After the removal of Berlin's wholesale flower market from the Lindenstraße site, it remains open whether the hall building from the 1960s will be retained. At the same time, this offers the opportunity for a reorganisation of the area. The urban development concept has several goals. These include the preservation of the hall building, a qualification of the public spaces and a further development of the area into a mixed-use quarter with high density. From 2008, the Jewish Museum Berlin (JMB) is taking over the Hallenbau. After the conversion, the JMB Academy with its education and research departments is housed there.

The Großmarkt site is located at the interface between the baroque order system of Friedrichstadt and the 'urbanised landscape' along Lindenstrasse. Philip Gerlach emphasises this transition in his plan for the southern Friedrichstadt through the placement of the Kollegiengebäude. The urban development concept picks up on this placement. It envisages a sequence of spaces between Friedrichstrasse and the baroque Kollegiengebäude (now the Jewish Museum). This includes a diagonal crossing of the Besselpark and a sequence of squares. Its end point is a new entrance square that combines the Kollegiengebäude, the Libeskind extension and the Akademie's hall building into an ensemble. At the same time, the Kollegienhaus is restaged as a point-de-vue.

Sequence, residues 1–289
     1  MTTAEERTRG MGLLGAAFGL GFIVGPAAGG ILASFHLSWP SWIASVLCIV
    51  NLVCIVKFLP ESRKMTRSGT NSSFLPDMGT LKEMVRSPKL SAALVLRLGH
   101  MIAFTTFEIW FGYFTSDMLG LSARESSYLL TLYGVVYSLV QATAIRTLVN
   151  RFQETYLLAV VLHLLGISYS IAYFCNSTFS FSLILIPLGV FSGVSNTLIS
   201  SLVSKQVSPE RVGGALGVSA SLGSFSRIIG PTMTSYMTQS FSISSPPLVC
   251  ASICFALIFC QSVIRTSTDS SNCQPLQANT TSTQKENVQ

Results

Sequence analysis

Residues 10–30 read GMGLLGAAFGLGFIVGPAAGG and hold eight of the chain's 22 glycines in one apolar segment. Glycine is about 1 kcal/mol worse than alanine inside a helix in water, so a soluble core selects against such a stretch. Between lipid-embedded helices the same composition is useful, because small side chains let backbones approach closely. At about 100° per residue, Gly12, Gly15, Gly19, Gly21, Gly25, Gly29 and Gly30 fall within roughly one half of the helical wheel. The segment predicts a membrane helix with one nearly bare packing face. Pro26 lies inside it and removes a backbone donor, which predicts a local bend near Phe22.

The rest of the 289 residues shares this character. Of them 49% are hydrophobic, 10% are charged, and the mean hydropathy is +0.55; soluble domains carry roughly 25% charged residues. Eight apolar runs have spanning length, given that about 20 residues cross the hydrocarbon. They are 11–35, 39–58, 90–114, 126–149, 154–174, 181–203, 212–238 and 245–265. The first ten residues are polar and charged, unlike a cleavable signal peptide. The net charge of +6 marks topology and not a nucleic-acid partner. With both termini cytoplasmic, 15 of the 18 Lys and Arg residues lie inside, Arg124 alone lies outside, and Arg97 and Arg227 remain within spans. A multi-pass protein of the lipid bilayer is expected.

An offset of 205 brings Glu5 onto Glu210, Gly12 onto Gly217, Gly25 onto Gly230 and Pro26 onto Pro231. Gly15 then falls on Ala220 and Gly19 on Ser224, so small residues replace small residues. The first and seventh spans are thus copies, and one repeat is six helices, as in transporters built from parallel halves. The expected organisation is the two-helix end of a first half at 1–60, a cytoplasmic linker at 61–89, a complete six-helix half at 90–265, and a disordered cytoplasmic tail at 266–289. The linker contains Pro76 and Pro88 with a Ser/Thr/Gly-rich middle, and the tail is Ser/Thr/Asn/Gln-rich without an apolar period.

In order to secure the spatial sequences, the urban planning concept provides precise specifications for the necessary room alignments. In contrast to this, a large amount of leeway is deliberately left for the new building plots. On the particularly deep building plots, this is intended to stimulate an examination of space-saving construction, mixed use and new forms of living and working.

ClientFoundation Jewish Museum Berlin
Area3,3 ha
Planning2008 - 2010
AwardDeutscher Städtebaupreis 2020
da! Architektur in und aus Berlin 2012